The Guardian reveals that Haditha, a small farm town of 90,000 near the Euphrates, has become a stronghold of Ansar al-Sunna and Zarqawi’s Monotheism and Holy War. Apparently many small towns of western Anbar province are similar theocratic mini-states. Occasional sweeps by the Marines in the area do no more, it seems, than stir up dust in the air for a few days.
The Communist Party of Iraq is so alarmed at the direction of the country that it is seriously considering going back underground in some part and depending more on covert cells.
Dexter Filkins of the NYT reveals some of the details about which the constitution drafting committee has been arguing. One is whether clerics will sit on the Supreme Court (they do in Afghanistan). Apparently one plan would give them 4 of 9 seats. You can only imagine what US law would look like if 4 of the Supreme Court seats were set aside for Cardinals and televangelists. We’d all have 12 kids and they would be taught “intelligent design” in state schools.
A compromise is being suggested on the issue of whether provinces can confederate, according to Vice-Premier Ahmad Chalabi. He says it is being proposed that no more than 3 provinces can form a confederation together. This step would forestall the emergence of a huge Shiite confederation in the south, of 9 provinces. But Chalabi is typically dismissive of Sunni concerns. “How many votes have they got?” he sneered. Chalabi’s commitment to deep debaathification helped persuade the Americans to dissolve the Iraqi army and exclude most Sunnis from public life (since most of them had been Baath Party members at some times in their lives). This exclusion and marginalization has helped push the Sunni Arabs into a deadly guerrilla war against the Shiites, Kurds and Americans.
There may also be a compromise on the distribution of oil and gas income. Profits would be chared among provinces in accordance with their population.
As for the issue of personal status law, one compromise plan is being floated that would allow an Iraqi family to opt out of religious law and be judged by a code of civil law. Such a system would be a nightmare. Wouldn’t girls be at risk of being pushed by male relatives into registering marriages and other matters with a religious court? What if a Chaldean Catholic wife wants a divorce in civil court but her husband insists that they go to a Catholic canon law court (which would of course deny her a divorce).
From Filkins’ diction, it is clear that he double checked everything Chalabi alleged with other Iraqi politicians. The good news is that Chalabi is willing to talk, and reveals a lot of details. The bad news is that Chalabi is a notorious liar and you cannot believe anything he says. If I had been burned by a source as badly as the NYT was by Chalabi, I’d never talk to him again.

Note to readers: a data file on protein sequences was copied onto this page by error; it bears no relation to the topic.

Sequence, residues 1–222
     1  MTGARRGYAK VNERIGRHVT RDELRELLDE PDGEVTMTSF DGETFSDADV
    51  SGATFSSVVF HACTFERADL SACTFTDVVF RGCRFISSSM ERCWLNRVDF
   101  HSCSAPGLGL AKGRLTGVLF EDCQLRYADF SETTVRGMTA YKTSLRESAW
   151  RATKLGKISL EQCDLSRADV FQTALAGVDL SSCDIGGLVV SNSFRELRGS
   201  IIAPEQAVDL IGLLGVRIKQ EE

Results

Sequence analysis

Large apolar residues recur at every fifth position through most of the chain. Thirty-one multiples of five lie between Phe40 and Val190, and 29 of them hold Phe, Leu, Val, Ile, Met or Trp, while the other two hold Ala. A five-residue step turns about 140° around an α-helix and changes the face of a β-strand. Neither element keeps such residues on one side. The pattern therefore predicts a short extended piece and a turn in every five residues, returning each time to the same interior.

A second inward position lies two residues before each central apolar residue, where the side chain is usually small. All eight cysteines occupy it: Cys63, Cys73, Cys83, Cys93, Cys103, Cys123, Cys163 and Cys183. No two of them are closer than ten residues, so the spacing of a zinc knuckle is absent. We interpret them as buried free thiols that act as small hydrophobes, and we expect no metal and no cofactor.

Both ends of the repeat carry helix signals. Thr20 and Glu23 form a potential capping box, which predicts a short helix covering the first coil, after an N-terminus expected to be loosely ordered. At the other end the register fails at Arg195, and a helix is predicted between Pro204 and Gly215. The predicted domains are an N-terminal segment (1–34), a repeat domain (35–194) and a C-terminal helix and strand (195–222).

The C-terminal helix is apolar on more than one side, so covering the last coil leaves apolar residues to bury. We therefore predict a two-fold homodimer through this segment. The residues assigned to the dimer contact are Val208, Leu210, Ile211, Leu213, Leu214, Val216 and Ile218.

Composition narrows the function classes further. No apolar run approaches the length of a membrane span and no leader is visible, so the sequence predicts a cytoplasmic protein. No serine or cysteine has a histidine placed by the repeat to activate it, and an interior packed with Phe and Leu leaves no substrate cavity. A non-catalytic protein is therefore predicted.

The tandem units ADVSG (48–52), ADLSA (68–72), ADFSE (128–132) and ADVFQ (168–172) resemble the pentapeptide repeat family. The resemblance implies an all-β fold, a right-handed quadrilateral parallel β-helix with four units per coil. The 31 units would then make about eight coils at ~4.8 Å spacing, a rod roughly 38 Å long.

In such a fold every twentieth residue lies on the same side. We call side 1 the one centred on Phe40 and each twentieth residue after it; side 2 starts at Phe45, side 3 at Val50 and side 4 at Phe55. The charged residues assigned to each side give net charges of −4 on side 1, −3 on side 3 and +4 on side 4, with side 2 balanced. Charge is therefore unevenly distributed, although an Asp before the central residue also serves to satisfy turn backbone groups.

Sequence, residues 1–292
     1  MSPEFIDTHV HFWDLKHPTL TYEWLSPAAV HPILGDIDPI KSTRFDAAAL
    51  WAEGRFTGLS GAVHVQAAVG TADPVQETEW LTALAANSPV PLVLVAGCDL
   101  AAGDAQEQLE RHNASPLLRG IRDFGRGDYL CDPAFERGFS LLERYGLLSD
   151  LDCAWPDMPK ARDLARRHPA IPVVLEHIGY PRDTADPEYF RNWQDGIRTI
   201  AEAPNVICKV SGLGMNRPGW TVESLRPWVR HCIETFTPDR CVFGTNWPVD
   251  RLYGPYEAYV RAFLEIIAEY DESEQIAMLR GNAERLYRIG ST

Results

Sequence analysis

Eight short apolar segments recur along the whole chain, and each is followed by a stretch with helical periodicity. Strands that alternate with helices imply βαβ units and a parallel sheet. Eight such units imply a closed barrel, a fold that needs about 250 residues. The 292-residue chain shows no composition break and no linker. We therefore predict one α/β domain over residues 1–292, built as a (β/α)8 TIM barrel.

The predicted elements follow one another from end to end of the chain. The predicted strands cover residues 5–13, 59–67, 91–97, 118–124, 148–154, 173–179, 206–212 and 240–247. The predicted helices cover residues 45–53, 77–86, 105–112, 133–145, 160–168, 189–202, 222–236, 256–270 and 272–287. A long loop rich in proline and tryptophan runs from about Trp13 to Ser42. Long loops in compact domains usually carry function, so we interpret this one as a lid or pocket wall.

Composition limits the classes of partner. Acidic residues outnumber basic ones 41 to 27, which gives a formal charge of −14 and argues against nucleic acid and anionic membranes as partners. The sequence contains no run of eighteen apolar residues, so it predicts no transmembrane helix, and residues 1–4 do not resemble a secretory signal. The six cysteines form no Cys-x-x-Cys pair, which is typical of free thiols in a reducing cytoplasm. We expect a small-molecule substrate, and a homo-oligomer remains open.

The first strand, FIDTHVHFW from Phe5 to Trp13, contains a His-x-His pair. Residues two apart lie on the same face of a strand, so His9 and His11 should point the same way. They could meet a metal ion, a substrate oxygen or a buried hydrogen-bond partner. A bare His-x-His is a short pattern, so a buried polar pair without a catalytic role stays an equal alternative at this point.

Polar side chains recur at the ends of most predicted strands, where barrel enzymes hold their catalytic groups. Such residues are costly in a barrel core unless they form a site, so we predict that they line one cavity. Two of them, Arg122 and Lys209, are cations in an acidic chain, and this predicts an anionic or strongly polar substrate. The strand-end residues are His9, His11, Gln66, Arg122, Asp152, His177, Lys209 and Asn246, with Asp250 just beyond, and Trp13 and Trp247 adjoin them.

The Iraqi government is worried about Jordan becoming a neo-Baathist base for the guerrilla war against Baghdad. Bush administration figures are always complaining about Syria and Iran not doing enough to stop infiltration of foreign fighters, as a way of putting pressure on Bush foes in Damascus and Tehran. But the elected Iraqi government, which has all the same intelligence Rumsfeld does, never significantly criticizes Iran in this regard. Now we know what they are really worried about– Jordan! But Jordan is a close US ally and is not publicly chastised by BushCo.
In fact, the attack with Katyusha rockets on US vessels at the port of Aqaba in Jordan shows that the Iraqi war is spreading terrorism in the region. Arab diplomats are very worried about a whole new generation of “Iraqi Arabs”, fighters who honed their skills in the Iraq guerrilla war but then fan out to other Arab lands to plan and carry out terror operations. Bush’s Iraq misadventure, far from making Iraq a “fly trap” (and ask yourself if you would like some other country to turn your neighborhood into a fly trap for terrorists), is in danger of creating a new generation of highly trained and experienced terrorists, who will go on to attack US targets. US shipping in Aqaba is no longer safe.
Meanwhile, the guerrilla war marched on.
In BAGHDAD, guerrillas set up a booby-trapped car to blow up at a police checkpoint, killing 4 and wounding 7.
In DAWR near Tikrit, guerrillas killed a US soldier with a roadside bomb.
Late Saturday in SAMARRA, guerrillas killed a family of 5. The father had been a guard at a local pharmaceutical company.
Other individuals were killed, captured or wounded. See Reuters for the complete roundup.